Desktop vs. mobile
Your first decision is going to be desktop vs. mobile. The vast majority of Mac buyers buy notebooks. This makes a lot of sense because modern Mac notebooks can also be used as desktops, merely by adding a dock, a monitor, keyboard, and mouse.
Until 2018, the other big reason to buy desktop machines was more memory. MacBooks and MacBook Pros did not support as much memory as the higher end desktop Macs, so if you needed RAM, you were forced to get a desktop. Today, while that’s true for huge RAM footprints, the 2018 MacBook Pro models support a good amount of RAM. We’ll talk more about RAM later.
There are three desktop form factors available: the iMac, the Mac mini, and the trash can-shaped Mac Pro. Let’s start with the easy one. Do not, do not, DO NOT buy a Mac Pro. The Mac Pro, while still being sold, is woefully obsolete and will most likely be replaced this year. It’s not even lower in price. It’s just obsolete.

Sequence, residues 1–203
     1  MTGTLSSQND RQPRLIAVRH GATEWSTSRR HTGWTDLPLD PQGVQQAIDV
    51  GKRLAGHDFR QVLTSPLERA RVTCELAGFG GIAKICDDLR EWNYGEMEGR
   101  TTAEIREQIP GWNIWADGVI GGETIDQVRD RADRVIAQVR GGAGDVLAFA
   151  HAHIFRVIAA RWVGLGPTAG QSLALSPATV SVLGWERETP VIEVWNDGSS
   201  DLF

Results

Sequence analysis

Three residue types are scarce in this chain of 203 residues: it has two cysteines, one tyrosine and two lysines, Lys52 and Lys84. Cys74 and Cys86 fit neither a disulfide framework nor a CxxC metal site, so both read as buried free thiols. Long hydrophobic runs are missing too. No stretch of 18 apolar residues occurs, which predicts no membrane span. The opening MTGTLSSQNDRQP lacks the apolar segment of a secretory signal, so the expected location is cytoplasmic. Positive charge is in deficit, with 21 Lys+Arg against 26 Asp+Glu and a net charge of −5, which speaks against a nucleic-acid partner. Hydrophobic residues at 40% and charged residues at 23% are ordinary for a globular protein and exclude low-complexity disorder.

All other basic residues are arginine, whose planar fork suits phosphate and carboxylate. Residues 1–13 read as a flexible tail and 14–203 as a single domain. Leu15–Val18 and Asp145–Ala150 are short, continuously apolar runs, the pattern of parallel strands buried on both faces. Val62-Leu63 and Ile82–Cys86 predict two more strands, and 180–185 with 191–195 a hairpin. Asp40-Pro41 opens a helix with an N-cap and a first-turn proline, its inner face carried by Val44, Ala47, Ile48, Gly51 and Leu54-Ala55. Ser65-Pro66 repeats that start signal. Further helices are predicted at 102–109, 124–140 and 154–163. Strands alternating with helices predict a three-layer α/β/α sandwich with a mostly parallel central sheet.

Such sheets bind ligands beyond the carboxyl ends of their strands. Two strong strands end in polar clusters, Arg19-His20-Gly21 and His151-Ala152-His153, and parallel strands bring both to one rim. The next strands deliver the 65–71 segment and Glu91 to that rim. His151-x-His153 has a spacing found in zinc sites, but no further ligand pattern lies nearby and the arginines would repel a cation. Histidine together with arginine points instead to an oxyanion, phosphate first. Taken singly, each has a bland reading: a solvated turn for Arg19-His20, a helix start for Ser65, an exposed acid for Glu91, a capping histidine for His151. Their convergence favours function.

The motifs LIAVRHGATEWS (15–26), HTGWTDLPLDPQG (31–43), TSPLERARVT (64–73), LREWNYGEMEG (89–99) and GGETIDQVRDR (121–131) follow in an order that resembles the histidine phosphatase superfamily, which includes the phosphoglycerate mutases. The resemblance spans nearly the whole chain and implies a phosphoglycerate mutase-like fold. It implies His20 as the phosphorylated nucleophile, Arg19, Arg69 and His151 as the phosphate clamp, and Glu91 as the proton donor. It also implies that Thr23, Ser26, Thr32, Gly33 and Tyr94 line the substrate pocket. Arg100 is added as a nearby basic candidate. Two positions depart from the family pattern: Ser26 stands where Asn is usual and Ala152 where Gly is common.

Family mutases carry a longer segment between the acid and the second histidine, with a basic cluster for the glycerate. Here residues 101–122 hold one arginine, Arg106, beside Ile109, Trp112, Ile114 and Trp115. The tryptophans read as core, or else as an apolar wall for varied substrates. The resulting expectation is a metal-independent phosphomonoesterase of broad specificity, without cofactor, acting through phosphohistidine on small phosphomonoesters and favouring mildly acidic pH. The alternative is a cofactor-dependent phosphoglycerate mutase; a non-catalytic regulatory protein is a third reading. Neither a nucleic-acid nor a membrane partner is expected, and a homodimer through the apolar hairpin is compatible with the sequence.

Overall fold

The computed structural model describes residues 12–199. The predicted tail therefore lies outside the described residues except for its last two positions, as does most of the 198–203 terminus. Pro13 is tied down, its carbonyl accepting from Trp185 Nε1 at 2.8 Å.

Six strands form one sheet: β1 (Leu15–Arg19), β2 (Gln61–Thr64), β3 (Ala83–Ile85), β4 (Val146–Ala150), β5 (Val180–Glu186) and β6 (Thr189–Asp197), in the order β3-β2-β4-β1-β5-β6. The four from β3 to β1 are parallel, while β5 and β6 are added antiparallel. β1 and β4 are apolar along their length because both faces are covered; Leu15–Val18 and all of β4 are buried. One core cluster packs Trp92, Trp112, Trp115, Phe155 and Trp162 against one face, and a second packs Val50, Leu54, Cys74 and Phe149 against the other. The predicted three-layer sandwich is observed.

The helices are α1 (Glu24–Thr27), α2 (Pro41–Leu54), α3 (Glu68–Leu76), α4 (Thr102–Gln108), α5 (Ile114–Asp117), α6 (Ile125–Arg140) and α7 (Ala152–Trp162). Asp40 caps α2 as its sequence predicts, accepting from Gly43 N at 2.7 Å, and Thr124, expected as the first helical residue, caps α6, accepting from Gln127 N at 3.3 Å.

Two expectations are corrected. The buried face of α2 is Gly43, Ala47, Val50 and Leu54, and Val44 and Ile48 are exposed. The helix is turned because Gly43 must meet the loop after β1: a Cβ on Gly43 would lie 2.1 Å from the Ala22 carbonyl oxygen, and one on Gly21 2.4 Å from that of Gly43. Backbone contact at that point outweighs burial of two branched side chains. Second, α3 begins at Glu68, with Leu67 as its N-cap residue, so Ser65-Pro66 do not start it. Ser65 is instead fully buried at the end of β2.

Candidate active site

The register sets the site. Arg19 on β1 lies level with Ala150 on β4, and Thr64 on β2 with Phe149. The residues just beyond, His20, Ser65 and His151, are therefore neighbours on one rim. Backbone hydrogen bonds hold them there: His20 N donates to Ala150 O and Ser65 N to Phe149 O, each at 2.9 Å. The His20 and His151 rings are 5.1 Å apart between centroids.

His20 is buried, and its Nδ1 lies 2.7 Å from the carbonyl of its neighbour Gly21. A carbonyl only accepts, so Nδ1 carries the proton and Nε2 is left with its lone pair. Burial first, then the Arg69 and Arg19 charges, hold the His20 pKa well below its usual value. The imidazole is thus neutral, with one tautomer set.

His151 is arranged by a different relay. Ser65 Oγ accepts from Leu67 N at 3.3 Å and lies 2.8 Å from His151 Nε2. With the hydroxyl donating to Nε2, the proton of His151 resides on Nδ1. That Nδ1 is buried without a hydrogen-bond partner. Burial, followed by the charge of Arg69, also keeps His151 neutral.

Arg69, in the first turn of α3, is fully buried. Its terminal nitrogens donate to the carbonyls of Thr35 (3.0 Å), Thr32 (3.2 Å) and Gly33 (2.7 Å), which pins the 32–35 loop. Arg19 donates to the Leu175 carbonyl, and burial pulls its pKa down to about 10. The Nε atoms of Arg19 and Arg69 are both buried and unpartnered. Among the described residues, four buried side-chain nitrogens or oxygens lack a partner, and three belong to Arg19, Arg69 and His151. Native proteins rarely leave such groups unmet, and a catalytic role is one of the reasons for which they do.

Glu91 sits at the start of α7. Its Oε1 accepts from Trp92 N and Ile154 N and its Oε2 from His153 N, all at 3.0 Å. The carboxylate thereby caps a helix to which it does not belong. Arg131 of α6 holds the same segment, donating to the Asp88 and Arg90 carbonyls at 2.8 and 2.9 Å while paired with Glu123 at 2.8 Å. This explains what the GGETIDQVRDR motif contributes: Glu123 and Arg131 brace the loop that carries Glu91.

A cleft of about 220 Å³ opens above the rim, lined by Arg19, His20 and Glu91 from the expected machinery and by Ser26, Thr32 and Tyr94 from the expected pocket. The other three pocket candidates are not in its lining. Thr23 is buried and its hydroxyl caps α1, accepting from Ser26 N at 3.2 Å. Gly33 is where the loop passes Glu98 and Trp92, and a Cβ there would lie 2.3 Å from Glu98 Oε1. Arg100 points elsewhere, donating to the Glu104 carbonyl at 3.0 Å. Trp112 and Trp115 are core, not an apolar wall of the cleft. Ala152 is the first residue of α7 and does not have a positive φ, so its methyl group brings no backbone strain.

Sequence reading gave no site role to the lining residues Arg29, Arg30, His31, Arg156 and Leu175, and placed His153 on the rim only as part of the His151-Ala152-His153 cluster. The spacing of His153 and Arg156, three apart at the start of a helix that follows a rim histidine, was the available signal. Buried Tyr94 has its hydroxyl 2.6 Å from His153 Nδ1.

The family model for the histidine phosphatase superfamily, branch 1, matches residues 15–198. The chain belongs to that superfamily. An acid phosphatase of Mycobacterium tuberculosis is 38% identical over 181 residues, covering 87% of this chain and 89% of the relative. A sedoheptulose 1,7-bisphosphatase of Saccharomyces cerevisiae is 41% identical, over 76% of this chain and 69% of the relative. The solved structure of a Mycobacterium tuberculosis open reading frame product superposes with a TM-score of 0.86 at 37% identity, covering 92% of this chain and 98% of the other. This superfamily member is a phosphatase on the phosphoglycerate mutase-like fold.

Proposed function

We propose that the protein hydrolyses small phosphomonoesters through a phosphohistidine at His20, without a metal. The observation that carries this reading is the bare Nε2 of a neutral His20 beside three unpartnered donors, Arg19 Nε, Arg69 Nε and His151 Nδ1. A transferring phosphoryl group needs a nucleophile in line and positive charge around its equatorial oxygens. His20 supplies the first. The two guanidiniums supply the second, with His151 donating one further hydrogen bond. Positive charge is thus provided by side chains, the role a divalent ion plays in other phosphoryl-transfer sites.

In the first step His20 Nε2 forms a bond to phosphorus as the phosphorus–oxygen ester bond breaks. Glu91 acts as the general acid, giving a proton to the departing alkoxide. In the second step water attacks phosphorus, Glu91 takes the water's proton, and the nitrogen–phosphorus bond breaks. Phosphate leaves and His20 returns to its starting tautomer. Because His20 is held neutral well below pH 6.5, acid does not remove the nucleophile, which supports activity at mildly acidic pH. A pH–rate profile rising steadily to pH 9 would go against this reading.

That leaves you with the iMac vs. Mac mini choice for desktops. I’ve had a couple of iMacs and really liked them, but I’m not a big fan of being forced to use a provided screen. The iMac is an all-in-one, so you either have to like that screen or not. That can be inconvenient.
Here’s a quick example: I recently stopped using my 2013 iMac as my main machine. It would make a great media center machine because it’s still very highly equipped and powerful. But it’s huge and heavy. It’s not something I can practically put under our living room TV without it being an eyesore.
Today, your desktop choices are quite capable iMacs, the very expensive but insanely powerful iMac Pro, and the new 2018 Mac Mini, which can be equipped to be almost as powerful as the iMac Pro for about two thirds the price.